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Analysts say Google+ could succeed wildly -- if they change the idiotic "Weird Names Policy"
SAN FRANCISCO (Reuters) - Facebook finally has a serious competitor. At least, that's what social-media investor Sergio Monsalve thinks.Venture capitalists such as Monsalve see early signs that Google...
Jon Pincus's profile photoAndrij “Andrew” Harasewych's profile photoSnow Andrews's profile photoPaul Hosking's profile photo
All I can say is my cat has a Facebook page that's hilarious.... and he's been dying to get on Google+.
How does one become an Analyst?
real name use, for those interested, is cool in a culture- or trust- building sense. As a term of use it sucks and cannot be implemented in a meaningful way.
If the names policy were reversed, I could easily see another "expert" write an article about how G+ could be wildly successful if they just enforced a names policy. Seems like both sides have support.
The difference between the two sides is that the Google side is pretending they get security, and the pseudonym side is revealing they are not secure with fake security.
+Paul Spoerry I think your cat would need a non-user page and will probably be able to get one once Google launches that phase. The question is about use of pseudonyms for users who either use one in day to day interaction online or off (Lady Gaga or Madonna, let's say) or need one for personal protection (from harassment or for whistle blowing activity).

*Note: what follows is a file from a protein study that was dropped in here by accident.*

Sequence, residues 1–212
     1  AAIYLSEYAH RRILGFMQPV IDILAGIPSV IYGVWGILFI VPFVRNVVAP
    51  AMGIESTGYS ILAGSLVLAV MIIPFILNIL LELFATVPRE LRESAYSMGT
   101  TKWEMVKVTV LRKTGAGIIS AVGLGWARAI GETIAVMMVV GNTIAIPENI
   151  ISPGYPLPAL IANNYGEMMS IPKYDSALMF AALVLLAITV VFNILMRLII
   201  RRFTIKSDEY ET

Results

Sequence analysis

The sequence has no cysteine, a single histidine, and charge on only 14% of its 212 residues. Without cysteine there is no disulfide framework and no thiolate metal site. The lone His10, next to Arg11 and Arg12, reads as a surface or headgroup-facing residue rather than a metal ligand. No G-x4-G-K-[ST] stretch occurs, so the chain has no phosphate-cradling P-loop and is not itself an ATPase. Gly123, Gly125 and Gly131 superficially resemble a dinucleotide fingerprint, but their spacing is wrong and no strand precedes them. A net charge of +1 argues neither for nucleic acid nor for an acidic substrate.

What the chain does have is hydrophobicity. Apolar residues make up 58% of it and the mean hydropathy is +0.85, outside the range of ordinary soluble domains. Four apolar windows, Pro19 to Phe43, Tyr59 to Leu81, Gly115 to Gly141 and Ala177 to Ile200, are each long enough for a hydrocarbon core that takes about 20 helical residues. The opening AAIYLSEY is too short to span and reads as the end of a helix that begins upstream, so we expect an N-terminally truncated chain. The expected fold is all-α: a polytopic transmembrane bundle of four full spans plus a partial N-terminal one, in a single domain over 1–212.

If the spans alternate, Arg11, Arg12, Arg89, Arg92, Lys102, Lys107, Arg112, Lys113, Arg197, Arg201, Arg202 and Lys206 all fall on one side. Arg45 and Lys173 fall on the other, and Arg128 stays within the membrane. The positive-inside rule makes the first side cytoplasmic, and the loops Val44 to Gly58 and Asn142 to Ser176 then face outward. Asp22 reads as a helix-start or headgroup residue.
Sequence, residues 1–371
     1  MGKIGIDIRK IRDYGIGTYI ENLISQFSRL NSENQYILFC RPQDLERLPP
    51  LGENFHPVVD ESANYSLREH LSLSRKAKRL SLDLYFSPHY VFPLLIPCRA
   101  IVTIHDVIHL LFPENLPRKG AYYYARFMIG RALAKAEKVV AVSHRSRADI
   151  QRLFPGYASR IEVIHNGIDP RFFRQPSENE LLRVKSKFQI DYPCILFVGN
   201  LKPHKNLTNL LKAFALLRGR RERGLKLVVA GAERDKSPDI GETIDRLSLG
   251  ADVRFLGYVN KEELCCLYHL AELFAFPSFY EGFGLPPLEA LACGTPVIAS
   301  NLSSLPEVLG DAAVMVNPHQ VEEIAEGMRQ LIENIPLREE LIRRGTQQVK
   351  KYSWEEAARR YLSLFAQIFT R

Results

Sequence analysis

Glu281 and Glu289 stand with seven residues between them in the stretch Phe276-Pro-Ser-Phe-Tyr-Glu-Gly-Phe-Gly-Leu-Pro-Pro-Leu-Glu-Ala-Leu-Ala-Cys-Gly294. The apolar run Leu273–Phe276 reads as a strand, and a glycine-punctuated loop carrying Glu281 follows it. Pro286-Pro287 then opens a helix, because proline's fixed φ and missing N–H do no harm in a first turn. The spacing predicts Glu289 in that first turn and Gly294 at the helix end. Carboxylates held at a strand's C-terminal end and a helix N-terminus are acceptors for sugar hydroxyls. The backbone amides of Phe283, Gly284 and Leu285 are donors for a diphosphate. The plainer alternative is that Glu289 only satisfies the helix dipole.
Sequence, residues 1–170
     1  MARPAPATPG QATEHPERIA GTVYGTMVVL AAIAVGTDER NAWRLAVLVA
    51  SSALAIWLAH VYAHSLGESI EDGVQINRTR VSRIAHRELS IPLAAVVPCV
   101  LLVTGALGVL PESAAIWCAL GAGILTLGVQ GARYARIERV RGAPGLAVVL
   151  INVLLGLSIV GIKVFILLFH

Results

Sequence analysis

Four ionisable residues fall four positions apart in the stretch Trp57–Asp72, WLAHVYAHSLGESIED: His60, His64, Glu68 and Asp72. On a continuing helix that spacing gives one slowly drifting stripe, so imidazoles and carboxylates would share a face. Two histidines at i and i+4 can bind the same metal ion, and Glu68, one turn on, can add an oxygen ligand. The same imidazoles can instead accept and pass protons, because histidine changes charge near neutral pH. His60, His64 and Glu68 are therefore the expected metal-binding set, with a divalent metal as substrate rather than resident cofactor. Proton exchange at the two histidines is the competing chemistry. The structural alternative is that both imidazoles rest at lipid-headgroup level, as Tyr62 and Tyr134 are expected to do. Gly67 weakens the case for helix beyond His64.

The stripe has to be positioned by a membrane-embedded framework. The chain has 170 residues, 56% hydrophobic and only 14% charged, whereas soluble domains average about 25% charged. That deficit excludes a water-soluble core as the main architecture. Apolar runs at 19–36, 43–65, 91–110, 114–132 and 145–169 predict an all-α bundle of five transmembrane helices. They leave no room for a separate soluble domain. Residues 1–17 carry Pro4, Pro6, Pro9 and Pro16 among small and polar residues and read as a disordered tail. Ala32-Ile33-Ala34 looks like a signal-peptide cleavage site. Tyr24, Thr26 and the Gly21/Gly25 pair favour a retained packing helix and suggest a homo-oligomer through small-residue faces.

I hope Google+'s Non-User Page is flexible enough to allow non-business brands similar to how Facebook does it.
Real names simply won't work, this is something that should not be pursued. What stops me from joining Google+ (or Facebook et. al) and saying my name is Mike Elgan, Michael Jackson or anything else? Nothing. So let me put Mickey Mouse, or whatever I want (barring perhaps slander, liable and/or crude names perhaps), and get over it.
+John Frost I hope so too. There are plenty of organizations, from local book clubs to hiking clubs, 4H clubs, all sorts of things that do not have a company, do not have a non-profit, have no official organization of any sort, that would still like to have a communication front of this sort.
That's us, "the free-wheeling cyberspace crowd." ;)
A policy is a policy. It does not mean it has to be enforced. Google should keep the policy but take a casual stance about it. When someone comes up with something really disgusting, then Google have the right to kick them out. It is good that this policy is well publicized now, so there will be no surprises when someone got kicked.
Apparently "succeeding wildly" is defined as quantity (incl. spam) over quality.
Sean L
another post about Google + on Google +? Shocker!!!
Sean, looking at the people you've circled - im not surprised you are overloaded with google info. Use the circles to get a better range of information. If you have all these people who post about google - chances are all you will see are posts about google. Stop misusing circles and blaming the writer.